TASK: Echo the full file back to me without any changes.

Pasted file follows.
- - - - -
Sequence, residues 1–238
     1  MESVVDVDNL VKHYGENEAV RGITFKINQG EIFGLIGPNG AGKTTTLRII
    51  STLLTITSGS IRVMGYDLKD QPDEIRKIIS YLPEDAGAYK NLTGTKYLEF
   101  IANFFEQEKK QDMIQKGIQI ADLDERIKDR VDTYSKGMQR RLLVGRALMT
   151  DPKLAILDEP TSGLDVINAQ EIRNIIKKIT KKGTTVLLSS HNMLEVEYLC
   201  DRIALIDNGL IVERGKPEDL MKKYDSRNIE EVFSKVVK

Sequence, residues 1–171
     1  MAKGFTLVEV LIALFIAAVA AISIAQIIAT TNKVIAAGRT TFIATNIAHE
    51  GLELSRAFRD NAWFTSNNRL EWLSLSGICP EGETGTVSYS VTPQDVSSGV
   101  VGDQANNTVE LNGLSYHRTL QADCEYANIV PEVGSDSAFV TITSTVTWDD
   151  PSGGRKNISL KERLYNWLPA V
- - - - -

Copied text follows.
Sequence, residues 1–238
     1  MESVVDVDNL VKHYGENEAV RGITFKINQG EIFGLIGPNG AGKTTTLRII
    51  STLLTITSGS IRVMGYDLKD QPDEIRKIIS YLPEDAGAYK NLTGTKYLEF
   101  IANFFEQEKK QDMIQKGIQI ADLDERIKDR VDTYSKGMQR RLLVGRALMT
   151  DPKLAILDEP TSGLDVINAQ EIRNIIKKIT KKGTTVLLSS HNMLEVEYLC
   201  DRIALIDNGL IVERGKPEDL MKKYDSRNIE EVFSKVVK

Sequence, residues 1–171
     1  MAKGFTLVEV LIALFIAAVA AISIAQIIAT TNKVIAAGRT TFIATNIAHE
    51  GLELSRAFRD NAWFTSNNRL EWLSLSGICP EGETGTVSYS VTPQDVSSGV
   101  VGDQANNTVE LNGLSYHRTL QADCEYANIV PEVGSDSAFV TITSTVTWDD
   151  PSGGRKNISL KERLYNWLPA V